Information technology transformation


WHY TRANSFORM MIT'S INFORMATION TECHNOLOGY?

I/T is an essential enabler for reengineering:

"Information technology plays a crucial role in business reengineering, but one that is easily miscast. Modern, state of the art information technology is part of any reengineering effort, an essential enabler since it permits companies to reengineer business processes. But merely throwing computers at an existing business problem does not cause it to be reengineered. In fact, the misuse of technology can block reengineering altogether by reinforcing old ways of thinking and old behavior patterns." Hammer and Champy, Reengineering the Corporation, p83.

A Spring 1994 outside assessment of I/T at MIT found obstacles to enabling reengineering success:

  • Administrative I/T systems and services have not meet the needs of constituents, i.e., faculty, students, and staff in departments, laboratories, and centers.
  • ������������������Central administrative I/T projects have taken too long to deliver too little new capability.
  • ������������������MIT has a shortage of critical administrative I/T skills, especially project management, application delivery, technology integration, knowledge of the business.

Reengineering poses a big I/T challenge for MIT:

  • ������������������Rapidly deploy and help everyone use several major new network-based applications to support the new ways of doing administrative work throughout MIT, for example, the new financial package, the new appointments application, a data warehouse, etc.
  • ������������������Connect 1,000-2,000 more administrators to MITnet and help them become proficient at using it in their work.
  • Implement an integrated architecture for administrative computing and data, so that systems work well together and are easy to use, operate, and support.
  • Strengthen the skill base of MIT's I/T staff across all offices.
  • ������������������Keep current administrative applications running until they are replaced.
  • ������������������Do not increase the number of ongoing I/T positions.

REENGINEERING TEAMS SHARE RESPONSIBILITY FOR I/T, FOR EXAMPLE:

  • Administrative process redesign teams: define and test new I/T applications to help streamline work.
  • I/T Infrastructure Readiness Team: determines the underlying I/T components and standards for large networked systems.
  • Help Redesign Team: designs a new model for assisting the MIT community withintegrated I/T and business support.
  • ������������������I/T Transformation Team:redesigns how people work together to implement, operate and help people use information technology at MIT.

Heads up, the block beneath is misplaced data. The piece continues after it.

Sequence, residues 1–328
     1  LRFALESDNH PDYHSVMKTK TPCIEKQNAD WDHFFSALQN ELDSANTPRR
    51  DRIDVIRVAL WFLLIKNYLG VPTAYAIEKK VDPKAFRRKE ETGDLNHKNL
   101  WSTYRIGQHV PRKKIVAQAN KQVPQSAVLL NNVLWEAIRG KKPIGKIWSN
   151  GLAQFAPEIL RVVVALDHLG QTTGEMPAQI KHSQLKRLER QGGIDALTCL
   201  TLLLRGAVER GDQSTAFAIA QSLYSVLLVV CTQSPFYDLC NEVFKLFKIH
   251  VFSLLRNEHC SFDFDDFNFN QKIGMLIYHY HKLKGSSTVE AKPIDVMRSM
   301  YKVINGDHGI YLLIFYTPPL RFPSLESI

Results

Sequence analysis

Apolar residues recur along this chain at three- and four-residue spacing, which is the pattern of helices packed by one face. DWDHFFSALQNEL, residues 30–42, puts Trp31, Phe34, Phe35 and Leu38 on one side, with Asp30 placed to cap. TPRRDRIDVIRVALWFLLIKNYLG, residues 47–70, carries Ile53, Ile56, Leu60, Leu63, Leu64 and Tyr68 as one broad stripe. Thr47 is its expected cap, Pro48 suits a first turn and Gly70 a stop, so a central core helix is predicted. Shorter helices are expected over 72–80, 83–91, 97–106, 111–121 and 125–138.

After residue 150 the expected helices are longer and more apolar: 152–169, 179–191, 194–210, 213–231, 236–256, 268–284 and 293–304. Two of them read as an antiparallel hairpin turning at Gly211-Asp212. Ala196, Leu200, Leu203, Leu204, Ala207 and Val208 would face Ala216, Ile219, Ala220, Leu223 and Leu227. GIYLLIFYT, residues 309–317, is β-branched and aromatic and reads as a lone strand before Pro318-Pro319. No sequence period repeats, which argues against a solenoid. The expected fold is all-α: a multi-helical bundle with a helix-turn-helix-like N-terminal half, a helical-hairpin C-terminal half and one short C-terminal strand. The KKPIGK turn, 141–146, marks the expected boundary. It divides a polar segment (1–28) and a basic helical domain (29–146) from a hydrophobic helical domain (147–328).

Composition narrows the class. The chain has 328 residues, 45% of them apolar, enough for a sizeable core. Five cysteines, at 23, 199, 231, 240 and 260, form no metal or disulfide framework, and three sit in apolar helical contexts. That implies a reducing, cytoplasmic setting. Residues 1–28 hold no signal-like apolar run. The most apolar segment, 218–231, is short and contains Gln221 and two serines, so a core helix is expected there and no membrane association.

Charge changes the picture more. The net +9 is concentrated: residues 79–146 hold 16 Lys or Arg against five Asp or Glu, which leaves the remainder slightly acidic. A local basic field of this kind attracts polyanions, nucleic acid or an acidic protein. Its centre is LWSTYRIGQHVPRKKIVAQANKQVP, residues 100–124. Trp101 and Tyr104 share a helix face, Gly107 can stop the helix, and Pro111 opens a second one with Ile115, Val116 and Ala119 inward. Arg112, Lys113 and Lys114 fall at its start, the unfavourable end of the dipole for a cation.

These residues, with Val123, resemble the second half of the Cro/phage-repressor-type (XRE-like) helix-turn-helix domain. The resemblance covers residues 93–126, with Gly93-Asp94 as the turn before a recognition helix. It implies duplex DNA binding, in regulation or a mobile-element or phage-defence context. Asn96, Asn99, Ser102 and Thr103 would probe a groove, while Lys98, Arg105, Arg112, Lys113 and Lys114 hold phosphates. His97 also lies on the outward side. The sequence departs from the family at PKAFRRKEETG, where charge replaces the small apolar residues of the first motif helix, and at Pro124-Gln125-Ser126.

THE I/T TRANSFORMATION TEAM HAS COMPLETEED ITS WORK.

Designed a new framework for how people work together to implement, operate and help use I/T.

The guiding principle is "Great Systems Fast!" where "Great" is defined by the customer.

I/T work will be accomplished by cross functional TEAMS, organized by I/T process:

  • I/T Discovery: "Choose what to do and how to do I/T."
  • I/T Delivery: "Do I/T quickly."
  • I/T Integration: "Find and fit I/T."
  • I/T Service: "Keep I/T all running."
  • I/T Support: "Reach out and help everyone use I/T."

A reorganized Information Systems will interface with MIT's other administrative I/T activities as members of a partnership.

MIT will invest in ongoing improvement of the skills of all its I/T staff.

Worked with academic computing leaders in Information Systems to determine how the new framework applies.

Supported the launch of the Help Redesign Team.

Outlined a migration strategy for the transition to the new I/T framework, beginning with appointing a new I/T Leadership Team, led by the Vice President for Information Systems.

THE TIMETABLE FOR TRANSISTION TO THE NEW IS FRAMEWORK IS AGGRESSIVE, IN ORDER TO MEET THE I/T CHALLENGE:

  • ������������������March 15: Announcement; launch search to fill open positions on the I/T Leadership Team.
  • Early June: Begin I/T Leadership Team work: coordinate I/T work for reengineering and all other new administrative computing projects; produce the I/T transition plan.
  • July 1995: Publish the I/T Transition plan.
  • ������������������Autumn 1995: Complete the Information Systems transition to the new framework.
  • ������������������Spring 1996: Complete the I/T transition to the new framework.

The I/T Transformation Team included Maija Ahlquist, Cecilia d'Oliveira, Marilyn McMillan, Don Nelson, Paul Page and Pam Phillips, of MIT; and Frank Capek of CSC Index. The team's sponsor was Dave Litster. Marilyn McMillan is serving as captain for the implementation phase. You can contact her at .

A version of this article appeared in MIT Tech Talk on May 1, 1995.


Topics: Administration, Campus services

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